One of Eman’s favorite anecdotes is rooted somewhere in this time. She recalled that it had been a particularly rough lambing season for them. Marcie the sheep had given birth to two stillborn lambs the previous year and had delivered yet another stillborn lamb. Eman could not figure out what was going wrong. “Maybe she’s just unlucky, Nis.” She said softly to her fresh-smelling baby, as they looked out of the big windows lining her living room, across the pasture. The real challenge arose when Berta gave birth to three lambs and began ignoring the runty one of the trio. Eman ignored it for a few days, but then on one of her trips to check on the hay, she noticed the baby trying to latch to Berta who promptly kicked the weak lamb away. Bristling with anger, Eman marched back to the house and quickly warmed up some milk. Scrambling through her old plastic, she found one of Saif’s old bottles and poured the milk out. Outside, the lamb latched onto the bottle immediately and Eman realized it was starving.
It was after three more bottles that the lamb finally wandered off, satisfied.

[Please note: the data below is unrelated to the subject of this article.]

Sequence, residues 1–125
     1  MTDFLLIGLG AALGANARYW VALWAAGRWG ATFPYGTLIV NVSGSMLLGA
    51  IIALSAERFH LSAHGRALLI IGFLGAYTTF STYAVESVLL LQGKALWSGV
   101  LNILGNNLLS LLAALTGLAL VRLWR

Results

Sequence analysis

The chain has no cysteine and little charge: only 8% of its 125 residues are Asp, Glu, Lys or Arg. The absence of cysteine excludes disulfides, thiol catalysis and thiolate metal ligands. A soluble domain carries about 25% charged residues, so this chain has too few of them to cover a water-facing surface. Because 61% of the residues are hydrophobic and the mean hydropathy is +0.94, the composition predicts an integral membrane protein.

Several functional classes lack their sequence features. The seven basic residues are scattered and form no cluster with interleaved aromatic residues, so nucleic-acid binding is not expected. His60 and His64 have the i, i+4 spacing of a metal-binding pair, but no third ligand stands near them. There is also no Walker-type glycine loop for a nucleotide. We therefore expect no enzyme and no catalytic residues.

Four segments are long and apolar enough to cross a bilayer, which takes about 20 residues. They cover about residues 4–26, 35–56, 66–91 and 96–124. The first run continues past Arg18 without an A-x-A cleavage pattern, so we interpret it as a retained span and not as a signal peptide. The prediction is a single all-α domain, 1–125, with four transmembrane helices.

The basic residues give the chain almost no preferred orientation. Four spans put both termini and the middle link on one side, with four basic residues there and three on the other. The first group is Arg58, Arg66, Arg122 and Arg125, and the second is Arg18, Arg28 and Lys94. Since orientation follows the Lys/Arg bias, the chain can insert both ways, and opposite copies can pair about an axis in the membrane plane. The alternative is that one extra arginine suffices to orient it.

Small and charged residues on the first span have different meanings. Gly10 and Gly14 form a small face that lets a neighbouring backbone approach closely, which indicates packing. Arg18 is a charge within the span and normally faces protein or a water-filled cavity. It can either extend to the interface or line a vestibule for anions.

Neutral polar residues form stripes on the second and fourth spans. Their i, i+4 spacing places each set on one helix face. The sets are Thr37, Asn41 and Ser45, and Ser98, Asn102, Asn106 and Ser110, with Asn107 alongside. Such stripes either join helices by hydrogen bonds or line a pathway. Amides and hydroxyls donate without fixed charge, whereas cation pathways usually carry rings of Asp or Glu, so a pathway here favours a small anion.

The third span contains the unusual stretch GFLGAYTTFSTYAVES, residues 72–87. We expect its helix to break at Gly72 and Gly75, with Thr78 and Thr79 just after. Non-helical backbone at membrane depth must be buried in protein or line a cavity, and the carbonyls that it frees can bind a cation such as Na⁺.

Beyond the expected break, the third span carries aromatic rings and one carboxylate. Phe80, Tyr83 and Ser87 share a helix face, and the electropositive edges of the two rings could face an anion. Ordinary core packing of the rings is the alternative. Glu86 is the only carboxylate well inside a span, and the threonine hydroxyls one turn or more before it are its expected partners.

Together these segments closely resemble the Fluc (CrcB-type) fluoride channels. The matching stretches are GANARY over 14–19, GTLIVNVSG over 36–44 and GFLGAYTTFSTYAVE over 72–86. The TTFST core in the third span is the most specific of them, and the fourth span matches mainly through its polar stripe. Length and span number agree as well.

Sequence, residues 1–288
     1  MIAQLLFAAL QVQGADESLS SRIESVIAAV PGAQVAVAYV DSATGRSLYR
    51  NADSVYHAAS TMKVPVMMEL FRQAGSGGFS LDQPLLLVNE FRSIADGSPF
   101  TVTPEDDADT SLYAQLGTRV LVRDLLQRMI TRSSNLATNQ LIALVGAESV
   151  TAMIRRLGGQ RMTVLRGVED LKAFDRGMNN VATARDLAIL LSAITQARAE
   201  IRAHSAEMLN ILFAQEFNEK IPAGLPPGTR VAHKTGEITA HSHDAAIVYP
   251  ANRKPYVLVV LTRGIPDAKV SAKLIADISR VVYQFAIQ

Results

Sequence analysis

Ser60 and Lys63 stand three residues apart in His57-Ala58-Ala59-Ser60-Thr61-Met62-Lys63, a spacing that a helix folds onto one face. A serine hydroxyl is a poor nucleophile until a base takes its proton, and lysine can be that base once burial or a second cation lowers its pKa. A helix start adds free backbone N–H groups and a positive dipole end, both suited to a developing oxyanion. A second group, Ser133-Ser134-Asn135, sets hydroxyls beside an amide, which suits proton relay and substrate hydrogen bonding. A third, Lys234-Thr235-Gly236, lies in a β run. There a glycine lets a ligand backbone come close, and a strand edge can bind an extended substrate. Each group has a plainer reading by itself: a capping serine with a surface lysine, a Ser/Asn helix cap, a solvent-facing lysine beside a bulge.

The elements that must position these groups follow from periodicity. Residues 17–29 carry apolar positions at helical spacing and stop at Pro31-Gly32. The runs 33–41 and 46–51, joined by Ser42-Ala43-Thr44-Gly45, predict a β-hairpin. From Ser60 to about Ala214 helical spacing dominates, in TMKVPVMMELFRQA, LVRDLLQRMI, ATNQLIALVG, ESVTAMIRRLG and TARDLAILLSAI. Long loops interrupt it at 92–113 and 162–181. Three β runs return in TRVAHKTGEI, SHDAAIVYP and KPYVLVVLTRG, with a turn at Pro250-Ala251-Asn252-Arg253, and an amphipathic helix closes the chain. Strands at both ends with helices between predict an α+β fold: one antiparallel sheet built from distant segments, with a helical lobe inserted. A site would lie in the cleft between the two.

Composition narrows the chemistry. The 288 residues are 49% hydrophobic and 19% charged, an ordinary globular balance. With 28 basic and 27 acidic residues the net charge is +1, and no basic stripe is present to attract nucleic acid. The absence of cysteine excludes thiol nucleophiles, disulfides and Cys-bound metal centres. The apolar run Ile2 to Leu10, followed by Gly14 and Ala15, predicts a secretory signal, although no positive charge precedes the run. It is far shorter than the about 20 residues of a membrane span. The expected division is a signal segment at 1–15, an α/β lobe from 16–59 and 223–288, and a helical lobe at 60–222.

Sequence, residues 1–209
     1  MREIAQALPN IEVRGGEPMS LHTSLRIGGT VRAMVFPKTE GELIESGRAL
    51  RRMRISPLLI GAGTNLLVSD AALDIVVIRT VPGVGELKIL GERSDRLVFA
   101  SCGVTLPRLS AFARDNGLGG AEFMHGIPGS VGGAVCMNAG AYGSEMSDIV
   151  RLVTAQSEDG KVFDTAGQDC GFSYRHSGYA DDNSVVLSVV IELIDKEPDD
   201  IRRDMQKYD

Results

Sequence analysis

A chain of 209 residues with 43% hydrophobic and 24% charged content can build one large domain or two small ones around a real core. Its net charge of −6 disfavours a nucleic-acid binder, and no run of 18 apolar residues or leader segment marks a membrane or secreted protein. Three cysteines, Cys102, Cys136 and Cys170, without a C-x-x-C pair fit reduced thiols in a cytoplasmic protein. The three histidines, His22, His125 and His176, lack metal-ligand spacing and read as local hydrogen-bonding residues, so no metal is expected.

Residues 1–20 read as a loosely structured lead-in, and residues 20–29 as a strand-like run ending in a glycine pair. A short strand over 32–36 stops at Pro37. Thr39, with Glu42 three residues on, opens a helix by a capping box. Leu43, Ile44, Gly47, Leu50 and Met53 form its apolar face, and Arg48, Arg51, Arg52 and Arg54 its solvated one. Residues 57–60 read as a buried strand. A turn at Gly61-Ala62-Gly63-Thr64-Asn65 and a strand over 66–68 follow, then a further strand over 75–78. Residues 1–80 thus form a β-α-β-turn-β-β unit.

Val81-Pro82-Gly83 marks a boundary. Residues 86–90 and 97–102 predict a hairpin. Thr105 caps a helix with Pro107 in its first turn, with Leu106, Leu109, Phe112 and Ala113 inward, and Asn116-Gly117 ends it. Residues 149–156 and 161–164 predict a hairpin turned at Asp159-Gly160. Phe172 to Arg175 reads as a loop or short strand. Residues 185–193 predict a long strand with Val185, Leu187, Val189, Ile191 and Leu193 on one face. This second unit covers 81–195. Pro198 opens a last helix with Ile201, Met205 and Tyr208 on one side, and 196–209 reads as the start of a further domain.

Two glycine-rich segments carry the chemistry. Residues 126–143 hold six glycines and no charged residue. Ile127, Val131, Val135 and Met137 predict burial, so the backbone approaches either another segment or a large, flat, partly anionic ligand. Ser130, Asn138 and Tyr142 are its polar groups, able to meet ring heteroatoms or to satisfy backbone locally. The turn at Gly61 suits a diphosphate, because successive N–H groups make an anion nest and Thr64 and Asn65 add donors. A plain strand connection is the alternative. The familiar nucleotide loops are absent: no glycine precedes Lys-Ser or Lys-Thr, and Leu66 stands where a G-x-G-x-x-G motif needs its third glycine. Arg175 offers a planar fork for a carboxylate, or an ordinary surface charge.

From then on, one of the two elder kids was responsible for feeding Lamby the Lamb (as named by Mona) twice a day. They would heat up the milk and head out to offer the lamb the bottle through the fence, while Eman tended to Nisma or the house.
When she looked back on it, Eman didn’t pepper her story with exclamations of how long it’s been or how old she feels. She insisted that any sane person with the same goals would have done exactly as she had. “I’ve never actually introduced myself to people as having four kids, with more on the way, and a backyard full of sheep. They wouldn’t stop coming over for tea! I need them to come over because they are my friends or my kids’ friends. Not because they want to come over and stare.”
Omar’s latest backyard project is the pool. “The kids will love it, Eman! Nice blue pool in the summer, we’ll get some good old floaties.” He rubbed his hands and looked at Eman gleefully, who rolled her eyes and smiled, “Go for it.”